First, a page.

Latest news on drug policy issues in the international media


  • Tens of thousands apply for pot amnesty

    Weed walkathon gains momentum
    The Bangkok Post (Thailand)
    Thursday, May 23, 2019

    A total of 31,177 people applied for the medical marijuana amnesty online during the 90-day registration period, which means the number of medical marijuana users in Thailand may exceed 50,000, says the Thai Red Cross Emerging Infectious Disease Health Science Centre. However, Prof Thiravat Hemachudah, the head of the centre -- which assisted the Food and Drug Administration (FDA) with the online amnesty registration process -- said patients will still have to contact the FDA to complete the process. Prof Thiravat said the Red Cross and the FDA never expected to receive so many queries and applications for an amnesty when the initiative was launched. (See also: Pot prescriptions possible by end of June)

  • Without safe injection sites, more opioid users will die

    The abrupt refusal to renew funding for safe injection sites will unquestionably lead to more Canadians dying
    The Conversation (UK)
    Thursday, May 23, 2019

    Ontario is undoubtedly in the midst of an opioid overdose crisis. From January to September 2018, an incredible 1,031 Ontarians died of an overdose. The number of deaths in the province is second only to the 1,155 deaths in British Columbia, dubbed the “ground zero” of the overdose epidemic in North America. Yet with no signs of the crisis slowing down, the Ontario government announced in April that they would abruptly halt funding for several safe injection sites — an unprecedented and dangerous step backwards in curtailing the public health emergency.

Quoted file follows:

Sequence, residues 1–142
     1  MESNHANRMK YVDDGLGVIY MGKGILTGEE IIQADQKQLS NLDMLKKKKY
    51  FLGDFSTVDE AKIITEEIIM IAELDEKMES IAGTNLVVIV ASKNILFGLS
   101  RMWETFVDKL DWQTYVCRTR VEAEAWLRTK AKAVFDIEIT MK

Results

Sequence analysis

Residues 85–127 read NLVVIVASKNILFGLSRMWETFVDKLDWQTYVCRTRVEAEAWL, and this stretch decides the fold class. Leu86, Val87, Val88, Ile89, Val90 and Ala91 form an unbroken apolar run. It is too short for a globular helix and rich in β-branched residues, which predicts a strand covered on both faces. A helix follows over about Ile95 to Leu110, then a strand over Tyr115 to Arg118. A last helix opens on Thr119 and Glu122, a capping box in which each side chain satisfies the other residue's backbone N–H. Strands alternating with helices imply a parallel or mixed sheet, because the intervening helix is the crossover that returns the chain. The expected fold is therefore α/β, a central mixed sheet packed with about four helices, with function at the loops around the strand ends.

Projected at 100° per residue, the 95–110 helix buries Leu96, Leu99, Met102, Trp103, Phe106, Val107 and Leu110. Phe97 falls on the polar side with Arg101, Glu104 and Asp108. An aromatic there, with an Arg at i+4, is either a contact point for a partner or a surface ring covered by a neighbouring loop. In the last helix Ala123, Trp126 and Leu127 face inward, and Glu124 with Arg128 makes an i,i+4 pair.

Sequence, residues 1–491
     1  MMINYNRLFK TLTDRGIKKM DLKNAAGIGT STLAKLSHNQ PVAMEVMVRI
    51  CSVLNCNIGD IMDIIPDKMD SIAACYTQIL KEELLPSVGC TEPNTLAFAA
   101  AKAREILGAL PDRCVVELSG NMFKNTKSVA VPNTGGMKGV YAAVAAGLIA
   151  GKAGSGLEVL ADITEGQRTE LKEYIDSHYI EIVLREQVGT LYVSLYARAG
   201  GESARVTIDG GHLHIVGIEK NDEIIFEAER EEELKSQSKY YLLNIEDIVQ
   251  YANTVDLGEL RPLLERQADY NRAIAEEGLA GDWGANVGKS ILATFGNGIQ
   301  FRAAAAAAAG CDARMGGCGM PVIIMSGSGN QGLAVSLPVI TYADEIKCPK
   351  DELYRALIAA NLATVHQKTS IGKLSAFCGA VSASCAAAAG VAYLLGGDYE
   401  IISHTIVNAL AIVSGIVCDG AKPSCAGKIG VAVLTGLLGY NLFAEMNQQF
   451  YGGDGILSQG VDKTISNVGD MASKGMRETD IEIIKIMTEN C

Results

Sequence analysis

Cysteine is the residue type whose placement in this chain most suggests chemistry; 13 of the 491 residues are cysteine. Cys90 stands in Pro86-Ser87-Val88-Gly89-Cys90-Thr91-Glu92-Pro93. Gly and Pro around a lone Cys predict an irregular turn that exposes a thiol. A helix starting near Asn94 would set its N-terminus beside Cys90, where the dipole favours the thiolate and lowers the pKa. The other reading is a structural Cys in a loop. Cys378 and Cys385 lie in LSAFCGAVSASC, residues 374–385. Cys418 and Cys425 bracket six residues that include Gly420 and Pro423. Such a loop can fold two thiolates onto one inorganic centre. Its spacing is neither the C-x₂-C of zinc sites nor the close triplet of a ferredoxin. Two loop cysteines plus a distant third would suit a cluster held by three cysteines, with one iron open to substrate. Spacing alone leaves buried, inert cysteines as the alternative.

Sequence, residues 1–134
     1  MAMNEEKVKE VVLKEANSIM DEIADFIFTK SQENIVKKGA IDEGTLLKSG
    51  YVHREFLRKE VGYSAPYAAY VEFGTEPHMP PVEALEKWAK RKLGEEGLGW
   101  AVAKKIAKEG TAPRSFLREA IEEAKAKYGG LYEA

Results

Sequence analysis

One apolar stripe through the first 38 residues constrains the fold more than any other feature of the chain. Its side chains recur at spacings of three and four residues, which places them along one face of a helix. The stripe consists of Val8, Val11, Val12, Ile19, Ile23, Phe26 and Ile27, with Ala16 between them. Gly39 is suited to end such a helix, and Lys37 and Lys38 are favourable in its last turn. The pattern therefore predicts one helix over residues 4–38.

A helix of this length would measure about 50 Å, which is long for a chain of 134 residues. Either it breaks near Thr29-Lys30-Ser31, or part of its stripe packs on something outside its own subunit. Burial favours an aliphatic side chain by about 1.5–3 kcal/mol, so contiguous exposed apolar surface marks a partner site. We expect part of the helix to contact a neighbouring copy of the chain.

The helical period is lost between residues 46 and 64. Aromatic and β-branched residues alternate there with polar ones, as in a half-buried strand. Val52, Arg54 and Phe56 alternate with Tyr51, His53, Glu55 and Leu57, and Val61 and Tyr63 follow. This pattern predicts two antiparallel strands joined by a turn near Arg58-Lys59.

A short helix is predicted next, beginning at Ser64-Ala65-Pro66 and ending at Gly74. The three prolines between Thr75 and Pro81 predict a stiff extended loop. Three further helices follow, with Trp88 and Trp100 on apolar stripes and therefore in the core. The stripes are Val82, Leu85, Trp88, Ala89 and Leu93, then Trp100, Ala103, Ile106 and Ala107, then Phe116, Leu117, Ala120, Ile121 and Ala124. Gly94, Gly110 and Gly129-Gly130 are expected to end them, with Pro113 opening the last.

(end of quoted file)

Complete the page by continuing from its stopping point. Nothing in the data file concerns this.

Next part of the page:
• 'Price-conscious' pot consumers find backyard planting way cheaper

    Will police enforce limit of 4 plants per household? That depends
    CBC News (Canada)
    Wednesday, May 22, 2019

    The federal Cannabis Act specifies that each household can cultivate up to four plants — either indoors or out. Manitoba and Quebec have opted to prohibit homegrown cannabis, but there's already evidence Canadians in other provinces are set to take advantage of the herb's newly legal status. "For the price-conscious consumer, if you're paying around $10 a gram for the varieties at the store, you might be only paying 50 cents per gram or less for a variety you grow yourself at home," says Alex Rea of Toronto-based Homegrown Hydroponics. It's difficult to know yet just how many Canadians are taking advantage of the new opportunity to grow recreational cannabis at home. But demand is already outstripping supply, since a number of provincial authorities are reporting seed shortages.

  • Expert says new laws stifling legal ganja industry

    Unless the number of licensed producers are increased significantly, Jamaica cannot compete in the legal marijuana industry on a global scale
    Jamaica Observer (Jamaica)
    Wednesday, May 22, 2019